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C4nc3l
July 5th, 2009, 03:23 PM
Hi all,
I'm searching for a way to calculate distance between two host in my C program.
I have an already open TCP socket, so i would like to use the ttl in ip header from that connection, but when i try to get it with this code (where line is the message from the client):


ip_reply=malloc(sizeof(struct iphdr));
ip_reply = (struct iphdr*) line;
printf("ID: %d\n", ntohs(ip_reply->id));
printf("TTL: %d\n", ip_reply->ttl);
printf("tot_len: %d\n", ip_reply->tot_len);
printf("frag_off:%d\n", ip_reply->frag_off);
printf("protocol: %d\n", ip_reply->protocol);

It works, but ttl and others fields doesn't match with any real IP header i see in wireshark capture, what's wrong?

There exist other way to calculate distance between two host others than TTL and a sort of round trip time i've already implemented?

PS: I know there's no way to get a good approximation of distance nor with TTL nor with time... but for my intention it's ok...

Bye

dwhitney67
July 5th, 2009, 07:06 PM
I presume you have created a raw socket, one for the sender, the other for the receiver?

Something like:


int sd = socket(AF_INET, SOCK_RAW, IPPROTO_TCP);


When the server receives the data, using something like:


char buf[1024];

...

int client_sd = accept(sd, 0, 0);

...

int bytesRcvd = recv(client_sd, buf, sizeof(buf), 0);


The IP header data can be obtained using something similar to the following:


const struct ip* iph = (const struct ip*) buf;

...

printf("ID : %d\n", ntohs(iph->ip_id));
printf("TTL : %d\n", iph->ip_ttl);
printf("total len: %d\n", ntohs(iph->ip_len));
printf("off : %d\n", iph->ip_off);
printf("protocol : %d\n", iph->ip_p);

C4nc3l
July 5th, 2009, 07:23 PM
I presume you have created a raw socket, one for the sender, the other for the receiver?

Something like:


int sd = socket(AF_INET, SOCK_RAW, IPPROTO_TCP);


When the server receives the data, using something like:


char buf[1024];

int bytesRcvd = recv(sd, buf, sizeof(buf), 0);


The IP header data can be obtained using something similar to the following:


const struct ip* iph = (const struct ip*) buf;

...

printf("ID : %d\n", ntohs(iph->ip_id));
printf("TTL : %d\n", iph->ip_ttl);
printf("total len: %d\n", ntohs(iph->ip_len));
printf("off : %d\n", iph->ip_off);
printf("protocol : %d\n", iph->ip_p);


Thanks for the response.

Ehm no, i've created a SOCK_STREAM with:

socket(AF_INET, SOCK_STREAM, 0)
I don't want to use RAW socket because they ask for root permissions... this can be a problem? Why i don't see any error about this?

I've tried to use your code... gcc return:

error: dereferencing pointer to incomplete type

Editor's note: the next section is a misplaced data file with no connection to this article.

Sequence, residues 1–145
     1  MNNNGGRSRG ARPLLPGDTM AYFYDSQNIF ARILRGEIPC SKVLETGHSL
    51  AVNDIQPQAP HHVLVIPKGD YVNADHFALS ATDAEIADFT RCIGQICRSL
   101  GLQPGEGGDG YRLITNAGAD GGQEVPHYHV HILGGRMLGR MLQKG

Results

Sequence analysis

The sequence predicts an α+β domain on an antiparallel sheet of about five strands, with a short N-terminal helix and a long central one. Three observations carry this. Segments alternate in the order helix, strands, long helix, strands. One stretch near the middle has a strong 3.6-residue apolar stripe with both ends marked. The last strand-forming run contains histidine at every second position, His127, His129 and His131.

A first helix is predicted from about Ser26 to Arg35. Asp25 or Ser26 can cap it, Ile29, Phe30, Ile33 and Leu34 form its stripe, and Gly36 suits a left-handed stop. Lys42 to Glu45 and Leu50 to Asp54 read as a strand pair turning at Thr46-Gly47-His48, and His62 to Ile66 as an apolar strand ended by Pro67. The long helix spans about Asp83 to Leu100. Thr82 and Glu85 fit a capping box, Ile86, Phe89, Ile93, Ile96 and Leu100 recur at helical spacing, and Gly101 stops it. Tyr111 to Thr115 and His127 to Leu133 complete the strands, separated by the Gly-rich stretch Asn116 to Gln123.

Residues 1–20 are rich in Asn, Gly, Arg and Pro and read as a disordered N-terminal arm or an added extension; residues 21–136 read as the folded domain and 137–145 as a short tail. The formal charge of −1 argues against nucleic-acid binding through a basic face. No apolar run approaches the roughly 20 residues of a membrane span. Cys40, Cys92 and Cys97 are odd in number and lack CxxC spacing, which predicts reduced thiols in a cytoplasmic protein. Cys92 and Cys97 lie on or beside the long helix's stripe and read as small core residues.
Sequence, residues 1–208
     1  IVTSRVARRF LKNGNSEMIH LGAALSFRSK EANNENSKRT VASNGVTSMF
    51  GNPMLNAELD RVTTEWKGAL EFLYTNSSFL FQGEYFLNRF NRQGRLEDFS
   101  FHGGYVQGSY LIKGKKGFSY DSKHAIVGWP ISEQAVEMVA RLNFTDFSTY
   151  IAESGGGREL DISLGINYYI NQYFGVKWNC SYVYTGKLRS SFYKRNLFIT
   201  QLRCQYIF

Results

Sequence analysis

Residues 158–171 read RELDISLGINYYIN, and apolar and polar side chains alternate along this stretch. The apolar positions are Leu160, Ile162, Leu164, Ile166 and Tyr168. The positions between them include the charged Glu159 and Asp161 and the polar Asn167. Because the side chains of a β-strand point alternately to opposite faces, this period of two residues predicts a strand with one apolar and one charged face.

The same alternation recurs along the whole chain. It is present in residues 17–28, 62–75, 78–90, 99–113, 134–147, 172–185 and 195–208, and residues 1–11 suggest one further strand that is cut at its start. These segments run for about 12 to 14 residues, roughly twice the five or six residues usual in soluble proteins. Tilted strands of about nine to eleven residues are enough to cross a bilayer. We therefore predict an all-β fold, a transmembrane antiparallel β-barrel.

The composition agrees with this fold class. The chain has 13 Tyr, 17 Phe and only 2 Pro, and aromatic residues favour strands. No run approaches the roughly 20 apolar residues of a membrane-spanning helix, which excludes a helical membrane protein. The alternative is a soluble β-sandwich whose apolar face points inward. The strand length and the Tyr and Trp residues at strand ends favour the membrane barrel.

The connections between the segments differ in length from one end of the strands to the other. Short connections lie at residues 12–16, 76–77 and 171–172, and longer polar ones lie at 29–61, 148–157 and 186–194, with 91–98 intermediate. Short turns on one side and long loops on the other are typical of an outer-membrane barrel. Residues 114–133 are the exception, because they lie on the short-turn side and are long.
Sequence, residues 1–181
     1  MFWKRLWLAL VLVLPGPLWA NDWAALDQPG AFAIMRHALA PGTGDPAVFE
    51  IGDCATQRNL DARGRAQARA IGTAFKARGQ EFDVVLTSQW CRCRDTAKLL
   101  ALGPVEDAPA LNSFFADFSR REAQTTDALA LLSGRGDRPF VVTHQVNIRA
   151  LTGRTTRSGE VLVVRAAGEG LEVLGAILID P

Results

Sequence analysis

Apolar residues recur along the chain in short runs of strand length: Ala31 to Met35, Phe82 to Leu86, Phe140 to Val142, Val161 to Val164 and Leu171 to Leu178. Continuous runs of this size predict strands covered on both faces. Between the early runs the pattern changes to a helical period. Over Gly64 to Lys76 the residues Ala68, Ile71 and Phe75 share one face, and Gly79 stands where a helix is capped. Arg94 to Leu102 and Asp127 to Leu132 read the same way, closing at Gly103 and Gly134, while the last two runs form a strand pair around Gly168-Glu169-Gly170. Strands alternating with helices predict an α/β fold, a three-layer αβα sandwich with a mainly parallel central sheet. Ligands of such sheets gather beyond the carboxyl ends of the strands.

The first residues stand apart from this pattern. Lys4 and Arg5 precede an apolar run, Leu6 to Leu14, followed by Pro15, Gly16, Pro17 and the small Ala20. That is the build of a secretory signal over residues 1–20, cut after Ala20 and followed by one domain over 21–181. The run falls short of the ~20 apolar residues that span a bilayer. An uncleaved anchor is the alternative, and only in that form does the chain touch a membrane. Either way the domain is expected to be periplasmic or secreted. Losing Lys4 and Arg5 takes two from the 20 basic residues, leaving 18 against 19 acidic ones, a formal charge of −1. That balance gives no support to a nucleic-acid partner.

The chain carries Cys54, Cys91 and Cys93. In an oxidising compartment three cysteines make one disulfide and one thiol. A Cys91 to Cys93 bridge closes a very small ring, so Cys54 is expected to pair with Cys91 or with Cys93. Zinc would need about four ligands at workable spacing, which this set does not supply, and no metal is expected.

for every time i try to access to things in the struct.
It's something like i don't have a struct ip, the only one that exists is iphdr...

dwhitney67
July 5th, 2009, 07:42 PM
Thanks for the response.

Ehm no, i've created a SOCK_STREAM with:

socket(AF_INET, SOCK_STREAM, 0)
I don't want to use RAW socket because they ask for root permissions... this can be a problem? Why i don't see any error about this?

You're welcome. If you want to examine IP/TCP header information, it is my understanding that you will need to create a raw socket... at least on the receiver (server?) end.

If you merely create a SOCK_STREAM, then you will only receive the message datagram, not the header information.



I've tried to use your code... gcc return:

error: dereferencing pointer to incomplete type
for every time i try to access to things in the struct.
It's something like i don't have a struct ip, the only one that exists is iphdr...
You will need to include the following header files:


#include <netinet/ip.h> /* for IP header */
#include <netinet/tcp.h> /* if you want to examine TCP header */

My knowledge of raw sockets is not the best; when I compiled my test application, I noticed that _USE_BSD was defined (automagically) and that "struct ip" was available. My test code was compiled on a Linux system.

If you need help working with sockets, you can look at my socket library (http://softhouseproductions.com/SocketLibrary.tgz). Within the examples I provide, I have one (in C++) that employs raw sockets, but for UDP. It wouldn't take much to get it to work with TCP.

C4nc3l
July 5th, 2009, 10:31 PM
You're welcome. If you want to examine IP/TCP header information, it is my understanding that you will need to create a raw socket... at least on the receiver (server?) end.

If you merely create a SOCK_STREAM, then you will only receive the message datagram, not the header information.



Ok thanks, it's a bad news for me... but now i know :)
I thought that also with stream i can access to ip header... so the results are sadly casual number :(
One of my objectives it's to avoid root permission so i can't use raw socket, you know another ways to get a host distance?


You will need to include the following header files:


#include <netinet/ip.h> /* for IP header */
#include <netinet/tcp.h> /* if you want to examine TCP header */


ok, i include "linux/ip.h" naturally i see other structs...


My knowledge of raw sockets is not the best; when I compiled my test application, I noticed that _USE_BSD was defined (automagically) and that "struct ip" was available. My test code was compiled on a Linux system.

If you need help working with sockets, you can look at my socket library (http://softhouseproductions.com/SocketLibrary.tgz). Within the examples I provide, I have one (in C++) that employs raw sockets, but for UDP. It wouldn't take much to get it to work with TCP.
Thanks a lot for the help, you clarify some situation that was obscure to me, however you drastically remove my hopes of use tcp socket to see the ttl :p